Even Joseph Smith’s revision of the Bible has some features of a patchwork fraud. We should first note that the Bible itself is partially fraudulent: the King James version (KJV) of the Bible has 48 scribal additions (unauthorized insertions by later authors into an original text). It is reasonable to expect that a true prophet of God would detect these rude additions and excise them, but, as this analysis shows, Joseph Smith removed only one of these additions! Then there are 350 more verses that include scribal alterations or mistranslations, and Joseph removed only 11 of them. Then there are Joseph’s translations of specific words: he defines “Golgotha” as “burial” instead of “skull” and “Cephas” as meaning “seer” in addition to meaning “stone” (wrong on both counts). He also introduced a new word “Rabcha”, which he defined as meaning the same thing as the Hebrew “Raca”, meaning “fool”. But “Rabcha” is not a Hebrew word at all; the only “Rabcha” I’ve been able to locate is this village in India. In short, Joseph failed to take out the false pieces in the Bible, and added a few clearly false pieces of his own. (Do read the analysis I mentioned for more explanation and even more errors, along with this compilation from MormonThink.)

As a field, archaeology survived the loss of Archaeoraptor, because there are other fossils that are internally consistent and that come from trustworthy sources; in fact there are thousands of fossils like that, giving us a wealth of reliable data to study the world with. But Mormonism cannot survive the loss of these three texts of Joseph Smith. Even the loss of one text is deadly to Mormonism, because we would not expect a true prophet to put forth any false scripture, so if one is definitely false, what about all the others? But when we have three frauds that Smith declared to be significant revelations, and that together constitute the bulk of Joseph’s canonized work, we can say beyond reasonable doubt that he was not a prophet of God. (Unless God is a liar, but I’d rather not consider that possibility.) It is no use trying to believe in Joseph’s claims anymore. Like the Nexus X, the true Church never really existed, and we must look for truth elsewhere.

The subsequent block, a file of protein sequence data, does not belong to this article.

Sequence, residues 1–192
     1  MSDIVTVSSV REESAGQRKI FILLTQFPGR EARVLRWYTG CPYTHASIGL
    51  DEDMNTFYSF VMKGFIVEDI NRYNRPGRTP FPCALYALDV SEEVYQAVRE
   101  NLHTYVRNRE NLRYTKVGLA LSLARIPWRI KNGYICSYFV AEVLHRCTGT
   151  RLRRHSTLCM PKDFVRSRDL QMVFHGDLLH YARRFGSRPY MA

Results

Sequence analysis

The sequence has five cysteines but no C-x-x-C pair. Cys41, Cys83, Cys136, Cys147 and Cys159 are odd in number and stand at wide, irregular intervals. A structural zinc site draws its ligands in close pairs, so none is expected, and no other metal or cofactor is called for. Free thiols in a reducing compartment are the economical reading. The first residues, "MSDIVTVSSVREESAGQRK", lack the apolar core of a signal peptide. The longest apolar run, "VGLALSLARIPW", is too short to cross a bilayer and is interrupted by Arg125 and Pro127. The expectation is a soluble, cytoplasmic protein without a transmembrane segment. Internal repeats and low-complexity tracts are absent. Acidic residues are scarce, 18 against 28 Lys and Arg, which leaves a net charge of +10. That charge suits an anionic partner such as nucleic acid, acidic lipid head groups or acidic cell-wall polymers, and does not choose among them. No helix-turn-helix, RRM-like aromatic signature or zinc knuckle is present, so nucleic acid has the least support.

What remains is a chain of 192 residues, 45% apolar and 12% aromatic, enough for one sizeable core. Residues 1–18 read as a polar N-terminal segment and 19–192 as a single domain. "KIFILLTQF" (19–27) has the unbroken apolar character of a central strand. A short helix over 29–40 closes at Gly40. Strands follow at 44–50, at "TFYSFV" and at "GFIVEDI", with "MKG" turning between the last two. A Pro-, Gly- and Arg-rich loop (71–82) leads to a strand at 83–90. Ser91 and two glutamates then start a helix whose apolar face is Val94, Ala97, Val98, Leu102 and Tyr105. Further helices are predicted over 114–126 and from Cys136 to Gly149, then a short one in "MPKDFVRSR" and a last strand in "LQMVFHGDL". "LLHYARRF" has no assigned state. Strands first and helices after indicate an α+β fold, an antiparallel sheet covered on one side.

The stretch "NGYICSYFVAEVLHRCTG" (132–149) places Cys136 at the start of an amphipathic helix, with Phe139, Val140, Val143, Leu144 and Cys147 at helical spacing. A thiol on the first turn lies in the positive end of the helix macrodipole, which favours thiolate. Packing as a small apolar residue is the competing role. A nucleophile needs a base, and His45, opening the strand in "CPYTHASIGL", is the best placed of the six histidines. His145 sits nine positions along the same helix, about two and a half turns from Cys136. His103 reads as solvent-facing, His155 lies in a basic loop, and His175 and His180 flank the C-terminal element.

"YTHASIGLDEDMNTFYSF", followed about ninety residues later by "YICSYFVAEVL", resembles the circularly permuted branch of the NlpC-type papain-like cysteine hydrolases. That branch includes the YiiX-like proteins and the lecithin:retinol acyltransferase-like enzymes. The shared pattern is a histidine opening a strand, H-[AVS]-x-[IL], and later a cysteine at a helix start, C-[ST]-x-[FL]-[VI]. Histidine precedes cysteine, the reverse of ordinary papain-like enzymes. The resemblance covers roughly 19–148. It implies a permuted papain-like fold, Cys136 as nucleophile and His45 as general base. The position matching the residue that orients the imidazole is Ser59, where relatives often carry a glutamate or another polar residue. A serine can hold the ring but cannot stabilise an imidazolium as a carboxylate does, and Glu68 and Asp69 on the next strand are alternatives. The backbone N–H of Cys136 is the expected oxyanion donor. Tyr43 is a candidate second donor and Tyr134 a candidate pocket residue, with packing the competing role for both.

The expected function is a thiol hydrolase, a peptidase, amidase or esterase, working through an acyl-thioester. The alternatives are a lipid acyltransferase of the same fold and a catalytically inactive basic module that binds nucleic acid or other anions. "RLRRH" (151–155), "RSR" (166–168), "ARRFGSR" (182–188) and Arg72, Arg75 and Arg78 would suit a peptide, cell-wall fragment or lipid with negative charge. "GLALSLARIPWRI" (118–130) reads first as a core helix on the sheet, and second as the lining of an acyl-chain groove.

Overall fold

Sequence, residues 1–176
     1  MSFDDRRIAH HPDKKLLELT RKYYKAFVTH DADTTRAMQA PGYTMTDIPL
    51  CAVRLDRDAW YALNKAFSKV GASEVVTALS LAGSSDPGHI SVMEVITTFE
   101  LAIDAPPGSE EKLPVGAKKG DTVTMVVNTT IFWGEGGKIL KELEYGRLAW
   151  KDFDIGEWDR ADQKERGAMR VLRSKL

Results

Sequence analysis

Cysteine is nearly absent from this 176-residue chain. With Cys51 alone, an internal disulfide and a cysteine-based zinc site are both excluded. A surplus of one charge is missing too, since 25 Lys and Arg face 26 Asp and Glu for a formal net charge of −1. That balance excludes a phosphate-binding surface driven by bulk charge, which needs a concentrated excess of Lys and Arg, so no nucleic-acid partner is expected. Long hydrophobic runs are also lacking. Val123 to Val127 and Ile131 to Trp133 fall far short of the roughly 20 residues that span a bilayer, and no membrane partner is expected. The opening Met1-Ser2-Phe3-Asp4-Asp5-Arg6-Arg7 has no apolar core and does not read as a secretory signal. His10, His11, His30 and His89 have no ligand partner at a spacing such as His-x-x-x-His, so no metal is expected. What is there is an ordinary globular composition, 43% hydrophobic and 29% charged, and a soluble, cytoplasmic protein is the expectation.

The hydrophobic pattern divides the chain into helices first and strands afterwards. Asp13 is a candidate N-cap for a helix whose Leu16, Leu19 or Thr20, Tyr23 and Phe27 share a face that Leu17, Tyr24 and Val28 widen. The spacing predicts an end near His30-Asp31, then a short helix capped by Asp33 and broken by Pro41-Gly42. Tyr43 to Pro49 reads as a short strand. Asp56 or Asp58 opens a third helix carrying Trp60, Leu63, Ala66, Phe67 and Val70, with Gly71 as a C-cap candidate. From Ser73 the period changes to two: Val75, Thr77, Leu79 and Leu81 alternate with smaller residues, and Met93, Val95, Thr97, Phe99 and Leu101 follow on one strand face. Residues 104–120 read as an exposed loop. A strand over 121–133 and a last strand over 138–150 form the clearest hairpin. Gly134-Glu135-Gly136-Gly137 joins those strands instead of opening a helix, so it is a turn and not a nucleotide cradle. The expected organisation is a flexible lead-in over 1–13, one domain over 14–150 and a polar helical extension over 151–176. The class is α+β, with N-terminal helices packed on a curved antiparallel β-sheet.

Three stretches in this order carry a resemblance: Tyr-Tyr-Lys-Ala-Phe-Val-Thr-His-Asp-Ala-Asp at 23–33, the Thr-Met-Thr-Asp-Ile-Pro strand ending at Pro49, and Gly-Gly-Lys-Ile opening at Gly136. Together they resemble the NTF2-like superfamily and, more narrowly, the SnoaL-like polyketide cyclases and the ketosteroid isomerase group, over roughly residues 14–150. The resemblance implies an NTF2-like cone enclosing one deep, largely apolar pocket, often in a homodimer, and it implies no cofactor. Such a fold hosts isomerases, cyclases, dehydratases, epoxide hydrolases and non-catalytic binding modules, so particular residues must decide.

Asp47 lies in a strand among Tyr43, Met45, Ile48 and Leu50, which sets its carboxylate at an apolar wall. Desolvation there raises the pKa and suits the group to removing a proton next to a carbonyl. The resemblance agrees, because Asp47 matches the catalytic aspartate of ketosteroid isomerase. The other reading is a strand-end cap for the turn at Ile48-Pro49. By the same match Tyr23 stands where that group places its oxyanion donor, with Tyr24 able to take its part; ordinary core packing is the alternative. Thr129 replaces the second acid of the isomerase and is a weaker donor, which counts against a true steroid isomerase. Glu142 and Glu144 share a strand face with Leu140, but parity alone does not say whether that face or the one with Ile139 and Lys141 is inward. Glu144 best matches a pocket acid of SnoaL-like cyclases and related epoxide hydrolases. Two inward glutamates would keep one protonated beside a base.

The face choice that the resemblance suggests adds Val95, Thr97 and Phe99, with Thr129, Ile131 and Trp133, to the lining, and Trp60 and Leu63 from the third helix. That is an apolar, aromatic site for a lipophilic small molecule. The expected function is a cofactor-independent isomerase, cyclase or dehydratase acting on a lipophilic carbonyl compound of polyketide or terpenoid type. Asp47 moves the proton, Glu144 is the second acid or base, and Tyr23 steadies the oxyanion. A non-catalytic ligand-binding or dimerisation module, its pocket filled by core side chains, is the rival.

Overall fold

Wasted Metal: Why is there so much Isaiah in the Book of Mormon?